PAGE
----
Russian forces hit Kharkiv using four S-300 missiles
The Russian troops attacked the city of Kharkiv with S-300 missiles on the night of 16 July, causing minor damage but no casualties, said Oleh Syniehubov, Head of the Kharkiv Oblast Military Administration.
The Russian invaders fired four S-300 missiles on Kharkiv from the territory of Russia’s Belgorod Oblast at about 01:30. Two missiles exploded mid-air, while two other missiles hit the ground at a stadium and the road surface in the Shevchenkivskyi district. Windows have been smashed in a four-storey building.
US reports ammunition shortages in own arsenals
The US is running out of ammunition in its own arsenals amid the provision of military aid to Ukraine. Jake Sullivan, US President's National Security Advisor said in an interview with CNN.
According to him, the Biden administration, after taking office, discovered that the stocks of 155-mm munitions, which is standard for NATO, "was relatively low".
Sullivan said the administration also realised that it would take years, not months, to replenish supplies to an acceptable level.
In addition, as Biden's advisor noted, resupply is a difficult task for a country that provides assistance to Ukraine.
"President Biden ordered his Pentagon to work rapidly to scale up the ability of the United States to produce all the ammunition we could ever need for any conflict at any time. Month on month, we are increasing our capacity to supply ammunition," Sullivan said.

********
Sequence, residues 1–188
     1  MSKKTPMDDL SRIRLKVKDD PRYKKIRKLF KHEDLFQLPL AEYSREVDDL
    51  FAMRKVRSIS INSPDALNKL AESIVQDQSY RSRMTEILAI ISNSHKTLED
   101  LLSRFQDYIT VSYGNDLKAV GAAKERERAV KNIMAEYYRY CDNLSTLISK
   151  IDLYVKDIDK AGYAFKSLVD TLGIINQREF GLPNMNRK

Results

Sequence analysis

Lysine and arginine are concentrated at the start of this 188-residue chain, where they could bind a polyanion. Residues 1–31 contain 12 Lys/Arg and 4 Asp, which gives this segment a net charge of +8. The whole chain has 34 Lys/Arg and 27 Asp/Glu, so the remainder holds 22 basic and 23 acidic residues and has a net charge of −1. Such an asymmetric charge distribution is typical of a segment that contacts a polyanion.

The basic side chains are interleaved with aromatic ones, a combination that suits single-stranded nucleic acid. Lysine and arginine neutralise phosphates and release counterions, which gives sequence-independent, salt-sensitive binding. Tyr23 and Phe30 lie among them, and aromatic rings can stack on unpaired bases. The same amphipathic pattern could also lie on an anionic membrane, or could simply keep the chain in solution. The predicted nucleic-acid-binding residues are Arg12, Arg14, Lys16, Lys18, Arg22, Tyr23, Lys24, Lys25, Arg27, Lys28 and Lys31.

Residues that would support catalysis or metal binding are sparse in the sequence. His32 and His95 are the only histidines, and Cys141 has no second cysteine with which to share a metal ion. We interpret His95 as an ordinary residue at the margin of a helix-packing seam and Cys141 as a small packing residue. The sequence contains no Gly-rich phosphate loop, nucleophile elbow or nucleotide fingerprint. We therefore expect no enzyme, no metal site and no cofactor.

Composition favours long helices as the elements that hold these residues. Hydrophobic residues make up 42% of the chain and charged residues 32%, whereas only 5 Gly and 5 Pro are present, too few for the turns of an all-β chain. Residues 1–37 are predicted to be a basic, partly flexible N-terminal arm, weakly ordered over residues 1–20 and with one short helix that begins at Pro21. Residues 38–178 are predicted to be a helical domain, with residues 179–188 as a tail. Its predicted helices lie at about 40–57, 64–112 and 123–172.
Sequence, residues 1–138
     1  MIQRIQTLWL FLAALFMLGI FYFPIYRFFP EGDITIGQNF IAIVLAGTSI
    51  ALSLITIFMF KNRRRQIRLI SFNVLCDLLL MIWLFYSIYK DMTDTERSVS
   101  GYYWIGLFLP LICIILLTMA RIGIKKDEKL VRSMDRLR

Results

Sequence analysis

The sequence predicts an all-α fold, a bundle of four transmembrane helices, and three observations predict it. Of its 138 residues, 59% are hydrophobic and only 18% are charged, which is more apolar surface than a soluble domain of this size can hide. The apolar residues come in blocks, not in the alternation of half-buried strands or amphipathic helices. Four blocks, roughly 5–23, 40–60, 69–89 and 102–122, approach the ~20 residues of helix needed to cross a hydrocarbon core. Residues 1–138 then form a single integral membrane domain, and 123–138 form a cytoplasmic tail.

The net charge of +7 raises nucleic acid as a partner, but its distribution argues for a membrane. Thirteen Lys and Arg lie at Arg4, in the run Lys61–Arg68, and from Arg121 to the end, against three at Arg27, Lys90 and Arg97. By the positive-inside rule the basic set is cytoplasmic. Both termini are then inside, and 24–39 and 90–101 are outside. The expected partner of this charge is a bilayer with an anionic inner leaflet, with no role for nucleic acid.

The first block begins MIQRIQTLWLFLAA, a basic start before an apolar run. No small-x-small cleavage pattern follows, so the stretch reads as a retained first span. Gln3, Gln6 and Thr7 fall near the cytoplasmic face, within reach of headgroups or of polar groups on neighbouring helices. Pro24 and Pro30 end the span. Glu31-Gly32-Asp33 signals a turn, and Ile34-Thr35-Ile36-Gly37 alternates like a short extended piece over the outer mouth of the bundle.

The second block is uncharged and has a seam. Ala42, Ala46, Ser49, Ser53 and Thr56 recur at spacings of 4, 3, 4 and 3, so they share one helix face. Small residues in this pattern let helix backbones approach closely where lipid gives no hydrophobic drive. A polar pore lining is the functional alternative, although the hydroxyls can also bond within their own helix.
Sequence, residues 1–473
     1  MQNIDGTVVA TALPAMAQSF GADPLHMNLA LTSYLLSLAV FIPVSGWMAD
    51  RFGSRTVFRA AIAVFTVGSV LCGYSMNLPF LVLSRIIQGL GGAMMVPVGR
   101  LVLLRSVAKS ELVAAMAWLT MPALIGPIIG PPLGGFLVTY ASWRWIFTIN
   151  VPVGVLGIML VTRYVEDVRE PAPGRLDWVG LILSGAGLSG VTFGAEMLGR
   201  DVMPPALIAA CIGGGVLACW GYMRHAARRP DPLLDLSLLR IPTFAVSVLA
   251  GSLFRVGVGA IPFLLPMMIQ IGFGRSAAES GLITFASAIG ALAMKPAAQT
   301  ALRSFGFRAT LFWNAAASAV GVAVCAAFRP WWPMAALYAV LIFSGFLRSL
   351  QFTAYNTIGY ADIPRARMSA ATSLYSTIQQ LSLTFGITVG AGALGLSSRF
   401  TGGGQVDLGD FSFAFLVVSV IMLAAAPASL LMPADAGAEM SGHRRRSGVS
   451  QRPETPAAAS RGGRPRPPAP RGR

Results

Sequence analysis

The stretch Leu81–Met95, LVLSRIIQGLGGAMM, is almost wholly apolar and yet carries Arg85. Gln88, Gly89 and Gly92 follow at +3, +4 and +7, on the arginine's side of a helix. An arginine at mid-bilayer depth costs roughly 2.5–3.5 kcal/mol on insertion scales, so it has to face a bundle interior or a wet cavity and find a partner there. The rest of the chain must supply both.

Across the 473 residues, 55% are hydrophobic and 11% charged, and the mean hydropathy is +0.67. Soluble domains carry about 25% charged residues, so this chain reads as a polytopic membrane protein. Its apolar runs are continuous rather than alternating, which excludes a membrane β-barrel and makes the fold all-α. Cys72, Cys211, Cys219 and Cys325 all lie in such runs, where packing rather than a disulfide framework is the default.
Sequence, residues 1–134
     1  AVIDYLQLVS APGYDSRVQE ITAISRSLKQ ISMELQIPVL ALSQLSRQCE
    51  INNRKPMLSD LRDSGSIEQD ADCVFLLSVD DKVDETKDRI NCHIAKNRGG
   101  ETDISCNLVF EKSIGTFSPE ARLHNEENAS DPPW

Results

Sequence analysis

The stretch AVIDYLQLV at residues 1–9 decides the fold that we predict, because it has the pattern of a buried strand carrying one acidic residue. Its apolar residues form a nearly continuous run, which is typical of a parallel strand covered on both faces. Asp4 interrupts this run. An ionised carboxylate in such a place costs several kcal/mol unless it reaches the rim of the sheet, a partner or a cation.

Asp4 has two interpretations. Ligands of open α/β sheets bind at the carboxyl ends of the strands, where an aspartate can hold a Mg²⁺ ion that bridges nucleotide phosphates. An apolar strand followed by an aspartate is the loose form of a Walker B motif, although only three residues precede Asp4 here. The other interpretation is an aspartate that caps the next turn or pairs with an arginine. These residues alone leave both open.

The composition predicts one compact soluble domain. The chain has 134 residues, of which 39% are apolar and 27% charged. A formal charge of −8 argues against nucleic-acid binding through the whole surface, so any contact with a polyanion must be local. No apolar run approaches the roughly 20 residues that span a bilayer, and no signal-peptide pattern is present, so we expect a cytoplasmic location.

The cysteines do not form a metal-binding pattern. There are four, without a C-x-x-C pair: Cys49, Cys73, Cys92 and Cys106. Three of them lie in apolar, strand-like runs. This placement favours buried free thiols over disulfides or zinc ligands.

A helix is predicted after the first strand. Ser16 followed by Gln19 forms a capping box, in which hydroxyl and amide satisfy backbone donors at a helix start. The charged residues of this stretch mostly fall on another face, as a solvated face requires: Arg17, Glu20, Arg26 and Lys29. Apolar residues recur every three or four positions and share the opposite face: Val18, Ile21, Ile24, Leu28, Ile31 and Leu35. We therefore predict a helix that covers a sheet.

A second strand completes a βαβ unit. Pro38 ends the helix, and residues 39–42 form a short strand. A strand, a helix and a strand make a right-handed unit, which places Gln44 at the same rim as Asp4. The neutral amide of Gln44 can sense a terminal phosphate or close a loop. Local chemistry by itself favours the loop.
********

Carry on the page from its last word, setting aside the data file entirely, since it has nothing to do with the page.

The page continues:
Russians attack Kharkiv second time in one day, 7 injured
On Sunday evening, Russian troops struck the city of Kharkiv again; seven people are known to have been injured.
Russians struck the Osnovianskyi district of Kharkiv. Early reports show that there are four casualties. A fire broke out at the site of the hit.
White House warns Russia that failure of Grain Initiative will cost it dearly
Jake Sullivan, National Security Adviser to the US President, has said that failure to extend the Grain Initiative, which expires on 17 July, will cost Russia huge diplomatic expenses.
Asked whether there are signs that Russian President Vladimir Putin is ready to continue this initiative, he said he could not predict the Kremlin's actions.
Sullivan noted that in recent months, Putin has repeatedly changed his mind about the grain agreement.
"If, in fact, they pull out of it, the rest of the world will take a look at that and say that Russia has turned its back on ensuring that the countries of the global south and Africa and Latin America and Asia can get the food they need at affordable prices. And I think that will come at an enormous diplomatic cost to Russia going forward," - Sullivan said.